By WILLIAM C. CALDWELL Rational troubleshooting based on clear -cut rules can end the futility of hit- and -miss procedures. GET OUT your meter, put on your thinking cap, and let's see how we can put those increasingly popular transistor portables back into your customers' pockets almost before they miss them. It is possible to do this if a few simple rules and transistor principles are observed: Rule 1. Always keep a voltmeter handy and don't be afraid to use it. A 20,000- ohms -per-volt instrument is perfectly satisfactory in most cases. In fact, since it requires no periodic zero adjustments, it can prevent errors and save time when reading small voltages and biases. Rule 2. Use miniaturized tools for miniaturized components -small screw- transistors may also be divided into three general categories. Low -power types are generaly used in such stages as r.f., local oscillator, converter, i.f., a.g.c. amplifiers, and small audio amplifiers (under 50 milliwatts) like those found in hearing aids. Medium -power transistors may be used as audio drivers 150 milliwatts or more) or in audio -output stages of small portables. High -power (or simply "power") types are used in the audio -output stages of car radios or larger portables that are capable of one watt of output or more. Troubleshooting Procedure Now we are ready to take a typical portable and apply some of the prin- ciples involved. The first step always is to check battery voltage under load (radio on). This reading should be within 10 per -cent of rated voltage if standard zinc -carbon batteries are used or within 5 per -cent of rated voltage if mercury batteries are involved. Bad batteries can cause any number of conditions: weak, dead, or distorted sound, or even instability and oscillation. While at the batteries, it is a very simple matter to find out how much current the radio is drawing without unsoldering any leads if the batteries are mounted in clips. Simply insert a piece of paper as an insulator between one end of a battery and its clip. Switch the meter to the appropriate milliam- Save Time on Transistor Radios drivers, pliers, and a small (20 to 40 watt) soldering iron. Nothing like the right tool for the job. Rule 3. Use a system; never just "hunt or poke" around. "But what sort of system shall I use ?" you ask. Simply follow the rules already mentioned, along with some other common electronic principles that will be pointed out here, and you're in business. Before stating these principles, let's review some working facts about transistors: 1. There are two basic transistor types commonly used in portable radios, n -p -n and p -n -p. Of these two, the n -p-n may be more closely compared to a vacuum tube: one element emits electrons that are influenced (biased) by the base as they are attracted toward a collector that has a positive potential on it. 2. The p -n -p transistor differs from the n -p-n primarily in the direction that electrons flow through it. They move from collector to emitter, but this flow is still influenced by the potential (bias) between base and emitter. With this reversed internal operation, externally applied voltages are also turned around: the most positive potential is applied to the emitter. 3. In terms of their use in the radio, 112 l Fig. 1. Typical transistor stages. Fig. 2. Open condition in base circuit. Fig. 3. Open condition in collector. Fig. 4. Open condition in the emitter. pere range and measure across the open battery connection, with no signal and minimum volume on the receiver. If more than 25 per -cent over the normal drain is indicated you should be looking for a short somewhere, not an open condition. If several times the normal value of drain is noted, you probably have an "A" line short, such as in an electrolytic capacitor. Next, if any sign of instability is present -oscillation, motorboating, whistles, or howl on stations- substitute good electrolytics across the ones in the circuit. If not, isolate the trouble to a stage or section of the radio. Some manufacturers give a step -by- step procedure for stage isolation in their service literature. A good example is the Delco Radio Division of General Motors. This company describes both a "click" test and a signal - generator approach for auto -radio portables. The "click" test (touching a 10,000 -ohm protection resistor from certain transistor elements to ground while listening for a slight noise as this is done) is usually the fastest procedure for a completely dead radio. The signal -generator approach is often best for a set that is merely weak. A resistor installed in a test lead, with clips on both ends, has proved very ELECTRONICS WORLD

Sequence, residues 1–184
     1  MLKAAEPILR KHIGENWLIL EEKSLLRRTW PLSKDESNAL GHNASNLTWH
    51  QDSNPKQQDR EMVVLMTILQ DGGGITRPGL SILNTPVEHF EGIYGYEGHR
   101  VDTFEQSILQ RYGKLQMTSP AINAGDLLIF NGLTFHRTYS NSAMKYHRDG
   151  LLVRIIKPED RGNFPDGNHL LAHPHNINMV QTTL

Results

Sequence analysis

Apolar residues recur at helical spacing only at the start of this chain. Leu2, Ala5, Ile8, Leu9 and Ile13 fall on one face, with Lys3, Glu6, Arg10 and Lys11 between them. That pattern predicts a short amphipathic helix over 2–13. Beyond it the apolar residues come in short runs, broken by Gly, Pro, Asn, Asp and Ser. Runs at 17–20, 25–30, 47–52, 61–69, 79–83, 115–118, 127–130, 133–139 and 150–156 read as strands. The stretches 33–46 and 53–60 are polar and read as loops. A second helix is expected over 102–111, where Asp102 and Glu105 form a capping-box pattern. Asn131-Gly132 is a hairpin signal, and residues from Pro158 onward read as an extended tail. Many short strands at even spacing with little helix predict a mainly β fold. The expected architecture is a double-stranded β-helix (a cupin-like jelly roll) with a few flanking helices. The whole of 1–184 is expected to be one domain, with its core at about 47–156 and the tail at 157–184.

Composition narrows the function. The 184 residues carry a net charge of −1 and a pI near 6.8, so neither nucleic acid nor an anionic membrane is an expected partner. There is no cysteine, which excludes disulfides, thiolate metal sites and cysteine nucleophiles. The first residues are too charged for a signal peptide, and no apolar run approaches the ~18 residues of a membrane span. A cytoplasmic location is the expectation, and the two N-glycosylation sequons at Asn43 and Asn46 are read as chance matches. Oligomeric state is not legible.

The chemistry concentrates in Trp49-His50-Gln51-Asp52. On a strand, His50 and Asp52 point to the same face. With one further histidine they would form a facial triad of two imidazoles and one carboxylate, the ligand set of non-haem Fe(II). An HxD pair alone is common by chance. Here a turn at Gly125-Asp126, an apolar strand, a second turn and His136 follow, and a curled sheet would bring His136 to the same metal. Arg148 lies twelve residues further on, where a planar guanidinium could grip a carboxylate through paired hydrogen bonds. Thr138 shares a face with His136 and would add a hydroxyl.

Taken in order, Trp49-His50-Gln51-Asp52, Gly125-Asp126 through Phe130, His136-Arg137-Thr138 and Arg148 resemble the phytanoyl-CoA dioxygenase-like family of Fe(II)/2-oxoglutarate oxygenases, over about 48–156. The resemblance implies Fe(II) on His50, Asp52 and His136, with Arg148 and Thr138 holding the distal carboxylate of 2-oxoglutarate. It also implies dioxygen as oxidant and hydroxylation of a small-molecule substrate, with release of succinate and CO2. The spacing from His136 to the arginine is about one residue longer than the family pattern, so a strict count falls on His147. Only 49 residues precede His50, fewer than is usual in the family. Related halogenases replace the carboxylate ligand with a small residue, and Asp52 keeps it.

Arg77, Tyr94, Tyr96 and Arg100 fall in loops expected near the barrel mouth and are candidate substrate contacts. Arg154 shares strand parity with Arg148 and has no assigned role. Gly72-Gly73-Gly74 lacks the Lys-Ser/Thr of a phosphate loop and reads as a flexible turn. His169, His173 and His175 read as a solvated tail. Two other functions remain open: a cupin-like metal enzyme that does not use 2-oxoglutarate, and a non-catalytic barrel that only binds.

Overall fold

0 MIXER Ca CONVERTER DIODE ST AUDIO AUDIO OUTPUT COLLECTOR DIODE COLLECTOR BASE ITER DIODE EMITTER Fig. S. Block diagram for deluxe transistor portables. Fig. 6. Internal elements (A) in an "n -p.n " transistor., (BI Points for checking individual transistor "diodes." IAI helpful in troubleshooting dead portables. The resistor prevents damage to transistors and i.f. transformers. For example, in the block diagram of Fig. 5, a click should be heard at the base of the first audio transistor unless the trouble is present in one of the audio stages. Then, moving toward the front end, a click should be heard at the collector element of the mixer stage. If not, one of the i.f. stages is at fault. In some radios, clicks may be heard within the i.f. stages, but in others the gain is not sufficient. The general rule is that, if two i.f. stages are present, a click at the first i.f. collector or base may be heard but, if the radio uses only one i.f. stage, the collector of the mixer stage is the first click test point after the first audio stage. Then, moving to the r.f. stage, a click should be heard at the base element and at the "hot" end of the loop antenna when it is touched with a screwdriver that is "grounded" by the grip of your hand. Since radios vary in their ability to pass these test signals, it is advisable to try clicks and signal -generator injections at various points in order to get the feel of normal responses and to gain self- confidence. The volume control should be set at maximum in these tests. One important point : when using a signal generator, always start with a low r.f. gain setting and increase gradually to prevent blocking the stages with excessive signal. The amount of signal required, of course, should decrease as one moves toward the front end. In -Stage Isolation After stage or section isolation, the next step is to pinpoint quickly the defective part, connection, or circuit point. This is where that voltmeter and those previously mentioned transistor principles come in handy. Voltages should be measured carefully in the suspected stage or stages. Assuming that the battery voltage is normal, stage voltages are usually accurate to ± 10 per -cent for voltages above one volt. Accuracy of voltages below one volt is usually .1 volt. If battery voltage is not quite at rated value, allowances would have to be made in measuring the stage voltages. This is another good reason for always measuring source voltage first. Fig. lA shows a typical n -p -n amplifier stage and Fig. 1B shows the same circuit revised for p -n -p operation. The voltages are "normal" ones, taken with May, 1959 respect to ground. (In this article, the negative pole of the battery is at ground potential. If a positive ground is used in a circuit being checked, the direction of change in voltage with each defect, would be reversed from that shown here.) Before launching into a discussion of defects and their symptoms, one point is worth clarifying. Reference is made in what follows to "open" transformers and resistors. Actually these conditions are seldom found in transistor radios except in the output stages of auto radios where the emitter resistor also serves as a fuse. In actual practice, apparently open conditions of this kind would end up as poor connections, usually repaired by heating solder joints slightly, rather than as true internal opens. However, the assumption of open transformers and resistors is useful for the purpose of explanation and clarification. Now for principles: Principle 1. With an open transformer in the base circuit, voltages around the transistor elements will change in the directions indicated in Fig. 2. Note that voltages for an n -p-n transistor tend to go in the same direction that a tube's voltages would go under similar circumstances. The p -n-p voltages change in the opposite direction. In either case, the floating base tends to assume the emitter voltage; thus there will be no difference in potential between emitter and base. Principle 2. With an open transformer in the collector circuit, transistor voltages will change in the direction shown in Fig. 3. In this case, the emitter measures the same as its source potential (ground or battery voltage, as a rule), indicating that no collector current is flowing through the emitter resistor. The collector assumes the same voltage, making this condition easy to detect. Principle .1. With an open stabilizing resistor in the emitter circuit (or an open in the printed wiring of the emitter circuit), transistor voltages will alter in the direction shown in Fig. 4. The emitter assumes the voltage of the adjacent element (in terms of internal construction) , and again there is no potential difference between base and emitter. Principle 4. When the lead to the transistor base is internally open, voltages will change in the direction shown in Fig. 7. Principle 5. With an internal short or high leakage between emitter and collector, voltages will change in the direction shown in Fig. 8. Note that the transistor that has become leaky or shorted in this way can cause the emitter -to-base voltage relationship to be reversed from normal. That is, if the emitter voltage is supposed to be higher than the base voltage, it will become lower, or rice rersa in this instance. Based on the typical arrangements shown in Fig. 1 for the two types of transistors, and the defects illustrated in Figs. 2 through 8, a summary of defect indications is given in Table 1. Until the symptoms described are memorized, it might be useful to keep a copy of this table handy for ready Fig. 7. Open lead in transistor base. Fig. 8. Emitter -to- collector leakage. Table 1. A summary of typical defect indications in transistor circuits. DEFECT N -P-N P -N-P Collector Emitter Base Collector Emitter Base Open Base Transformer High Low Low Low High Open Collector Coil Low Low OK High High OK Open Emitter Resistor High High" OK Low Low" OK Open Base (internal) High Low OK Low High OK Emitter -Collector Leak Low High OK High Low OK NOTES: All indications will be opposite to those listed if a positive ground is used. 'Reading depends on resistance of meter. "Small change only. Emitter assumes voltage on base. 113